<a href="lesson-6.html" rel="last">Lesson 6</a>
<a href="glossary.html" rel="glossary">Glossary</a>
In this example, we have a navigation with eleven links to the table of contents, each of the six lessons (plus three “sub lessons”), and a glossary page. Many of those links have been extended using the
rel attribute and provide helpful information to the browser and assistive technologies.
One perk of using “next” and “prev” with a
<link> is that the browser may preload the linked documents to reduce the perceived load time, assuming that the user will most likely move forward/backward within the series.
<link rel="next" href="https://link-to-next-in-series" />
<link rel="prev" href="https://link-to-previous-in-series" />
In the past, Google used the “next” and “prev” links to index the pages accordingly, but that is no longer the case. This doesn’t mean you should stop using those values: they are still helpful for accessibility, and other search engines may index based on them. Google is dominant but not the only one.
As you may have noticed by this really long article, the
rel attribute is anything but trivial. It plays an important role in providing meaning to the links, taking the Internet to the next level semantically, and boosting your site’s performance through the roof.
If you made it here (did I already mention that this article is really long?), take a few more minutes to check other resources with more details and better explanations (Addy Osmani’s article is simply amazing.)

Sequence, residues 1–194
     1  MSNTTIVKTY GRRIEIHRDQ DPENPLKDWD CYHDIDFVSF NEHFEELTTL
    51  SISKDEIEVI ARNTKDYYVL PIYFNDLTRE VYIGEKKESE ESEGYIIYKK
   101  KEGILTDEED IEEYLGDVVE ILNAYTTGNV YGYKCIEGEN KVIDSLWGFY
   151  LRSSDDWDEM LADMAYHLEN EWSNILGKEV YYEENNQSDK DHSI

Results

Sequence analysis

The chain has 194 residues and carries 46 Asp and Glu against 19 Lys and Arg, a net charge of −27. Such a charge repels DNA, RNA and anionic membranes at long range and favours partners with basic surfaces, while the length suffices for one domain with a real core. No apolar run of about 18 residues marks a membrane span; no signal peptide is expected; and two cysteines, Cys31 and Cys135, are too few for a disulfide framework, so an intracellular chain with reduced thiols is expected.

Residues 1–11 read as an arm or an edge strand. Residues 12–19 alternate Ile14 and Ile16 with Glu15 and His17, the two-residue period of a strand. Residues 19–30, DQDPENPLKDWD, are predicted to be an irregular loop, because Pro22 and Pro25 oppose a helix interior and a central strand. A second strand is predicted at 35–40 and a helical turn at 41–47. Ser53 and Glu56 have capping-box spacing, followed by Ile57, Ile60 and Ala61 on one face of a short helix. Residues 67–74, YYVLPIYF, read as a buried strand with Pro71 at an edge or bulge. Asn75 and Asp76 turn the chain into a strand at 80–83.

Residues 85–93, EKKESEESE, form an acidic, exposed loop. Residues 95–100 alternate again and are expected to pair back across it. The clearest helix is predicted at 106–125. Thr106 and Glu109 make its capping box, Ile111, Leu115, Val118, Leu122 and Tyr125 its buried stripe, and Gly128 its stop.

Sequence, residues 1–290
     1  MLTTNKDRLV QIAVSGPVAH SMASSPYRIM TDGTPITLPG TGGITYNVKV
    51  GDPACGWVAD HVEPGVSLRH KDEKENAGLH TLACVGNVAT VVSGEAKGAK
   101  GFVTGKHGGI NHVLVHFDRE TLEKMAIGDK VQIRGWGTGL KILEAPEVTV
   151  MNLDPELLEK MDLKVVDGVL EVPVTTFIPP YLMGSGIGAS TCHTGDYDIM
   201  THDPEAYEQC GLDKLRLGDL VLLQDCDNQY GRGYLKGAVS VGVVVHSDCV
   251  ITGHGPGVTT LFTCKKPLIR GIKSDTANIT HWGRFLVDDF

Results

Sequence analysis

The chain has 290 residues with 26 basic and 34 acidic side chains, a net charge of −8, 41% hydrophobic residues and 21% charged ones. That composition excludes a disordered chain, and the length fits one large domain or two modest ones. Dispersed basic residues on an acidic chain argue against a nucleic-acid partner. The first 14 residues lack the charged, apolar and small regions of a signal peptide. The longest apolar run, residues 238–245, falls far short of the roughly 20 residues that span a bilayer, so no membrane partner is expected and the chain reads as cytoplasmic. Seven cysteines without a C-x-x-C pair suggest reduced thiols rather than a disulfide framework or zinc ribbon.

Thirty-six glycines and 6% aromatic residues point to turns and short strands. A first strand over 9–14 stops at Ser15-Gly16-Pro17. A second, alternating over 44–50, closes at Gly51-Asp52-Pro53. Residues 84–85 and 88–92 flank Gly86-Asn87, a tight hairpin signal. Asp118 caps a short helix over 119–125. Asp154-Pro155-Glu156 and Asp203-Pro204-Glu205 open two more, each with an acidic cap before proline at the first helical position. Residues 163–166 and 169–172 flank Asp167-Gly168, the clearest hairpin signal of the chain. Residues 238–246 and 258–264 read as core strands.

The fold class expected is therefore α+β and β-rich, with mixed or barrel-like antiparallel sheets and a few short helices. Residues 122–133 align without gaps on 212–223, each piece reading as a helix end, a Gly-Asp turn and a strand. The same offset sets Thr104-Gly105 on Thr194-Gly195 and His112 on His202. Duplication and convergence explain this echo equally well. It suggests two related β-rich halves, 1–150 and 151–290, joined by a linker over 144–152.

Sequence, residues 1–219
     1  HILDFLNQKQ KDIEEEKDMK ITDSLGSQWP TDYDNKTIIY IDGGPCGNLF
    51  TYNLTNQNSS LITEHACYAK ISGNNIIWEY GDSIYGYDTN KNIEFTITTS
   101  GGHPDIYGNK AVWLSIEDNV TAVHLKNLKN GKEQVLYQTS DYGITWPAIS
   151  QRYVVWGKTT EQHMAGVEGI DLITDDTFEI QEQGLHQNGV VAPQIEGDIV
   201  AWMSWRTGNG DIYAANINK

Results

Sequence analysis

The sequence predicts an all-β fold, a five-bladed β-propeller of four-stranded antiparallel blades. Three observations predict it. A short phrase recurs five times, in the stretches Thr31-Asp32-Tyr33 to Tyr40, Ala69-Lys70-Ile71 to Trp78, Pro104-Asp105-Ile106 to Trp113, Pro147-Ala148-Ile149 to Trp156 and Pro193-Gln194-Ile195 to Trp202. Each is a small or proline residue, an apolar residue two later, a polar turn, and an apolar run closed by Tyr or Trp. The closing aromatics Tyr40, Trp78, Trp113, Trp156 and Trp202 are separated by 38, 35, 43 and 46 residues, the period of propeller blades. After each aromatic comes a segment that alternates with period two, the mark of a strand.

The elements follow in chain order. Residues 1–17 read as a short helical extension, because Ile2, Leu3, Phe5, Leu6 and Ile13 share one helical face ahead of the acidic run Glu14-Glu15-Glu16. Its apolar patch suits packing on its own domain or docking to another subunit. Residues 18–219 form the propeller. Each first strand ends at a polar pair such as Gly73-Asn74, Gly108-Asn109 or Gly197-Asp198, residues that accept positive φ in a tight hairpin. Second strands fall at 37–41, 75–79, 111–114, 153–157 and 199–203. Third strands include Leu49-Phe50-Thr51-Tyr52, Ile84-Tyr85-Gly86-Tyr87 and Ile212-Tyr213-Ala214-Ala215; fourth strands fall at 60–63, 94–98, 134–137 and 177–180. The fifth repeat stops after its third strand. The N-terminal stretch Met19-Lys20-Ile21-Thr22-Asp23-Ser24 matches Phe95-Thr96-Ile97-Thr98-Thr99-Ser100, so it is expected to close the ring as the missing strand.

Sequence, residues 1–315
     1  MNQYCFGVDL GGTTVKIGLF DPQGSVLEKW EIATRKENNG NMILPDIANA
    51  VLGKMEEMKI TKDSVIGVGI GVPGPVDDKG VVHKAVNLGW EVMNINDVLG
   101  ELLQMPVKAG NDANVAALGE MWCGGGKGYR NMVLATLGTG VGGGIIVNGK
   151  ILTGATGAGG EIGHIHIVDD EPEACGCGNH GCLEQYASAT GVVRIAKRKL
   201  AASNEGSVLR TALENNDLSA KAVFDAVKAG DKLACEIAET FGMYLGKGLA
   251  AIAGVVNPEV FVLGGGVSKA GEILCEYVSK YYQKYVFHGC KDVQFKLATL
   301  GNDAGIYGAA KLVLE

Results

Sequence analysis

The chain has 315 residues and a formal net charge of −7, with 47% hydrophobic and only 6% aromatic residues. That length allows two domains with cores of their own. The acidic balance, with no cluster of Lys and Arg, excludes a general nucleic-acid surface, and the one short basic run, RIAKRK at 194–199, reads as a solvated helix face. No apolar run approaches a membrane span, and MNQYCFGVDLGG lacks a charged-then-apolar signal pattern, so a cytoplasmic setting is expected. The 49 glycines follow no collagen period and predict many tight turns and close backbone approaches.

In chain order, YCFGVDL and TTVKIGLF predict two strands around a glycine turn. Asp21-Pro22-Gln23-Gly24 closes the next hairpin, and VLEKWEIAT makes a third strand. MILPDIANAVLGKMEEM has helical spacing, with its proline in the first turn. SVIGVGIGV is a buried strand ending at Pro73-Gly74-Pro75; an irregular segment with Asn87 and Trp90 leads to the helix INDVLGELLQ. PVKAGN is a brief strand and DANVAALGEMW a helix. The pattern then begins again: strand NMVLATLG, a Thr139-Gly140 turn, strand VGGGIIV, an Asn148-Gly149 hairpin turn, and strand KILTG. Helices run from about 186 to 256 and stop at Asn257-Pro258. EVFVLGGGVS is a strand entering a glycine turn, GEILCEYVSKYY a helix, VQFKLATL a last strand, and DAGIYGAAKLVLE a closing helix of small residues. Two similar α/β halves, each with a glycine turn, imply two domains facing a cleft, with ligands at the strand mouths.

Thanks for reading!
<a>: The Anchor element, on MDN Web Docs.
<area>: The Image Map Area element, on MDN Web Docs.
<form>: The Form element, on MDN Web Docs.
<link>: The External Resource Link element, on MDN Web Docs.
- Existing rel values, on the microformats wiki.
- HTML Attribute: rel, on MDN Web Docs.
- Link Relations, on the Internet Assigned Numbers Authority (IANA).
- Links, on the HTML Living Standard.
- Pingback 1.0, by Ian Hickson.
- Preload, Prefetch And Priorities in Chrome, by Addy Osmani on Medium.
- Preload, Preconnect, Prefetch: Improve Your Site’s Performance with Resource Hints, by Niko Kaleev on Nitropack.
- Resource Hints (Working Draft), by Ilya Grigorik on the W3C.
- XFN 1.1 relationships meta data profile, on the GMPG.
About Álvaro Montoro
Alvaro Montoro is a Software Engineer from Spain who lives in the United States. He enjoys playing with web technologies (especially HTML and CSS) and testing what's possible to do with them.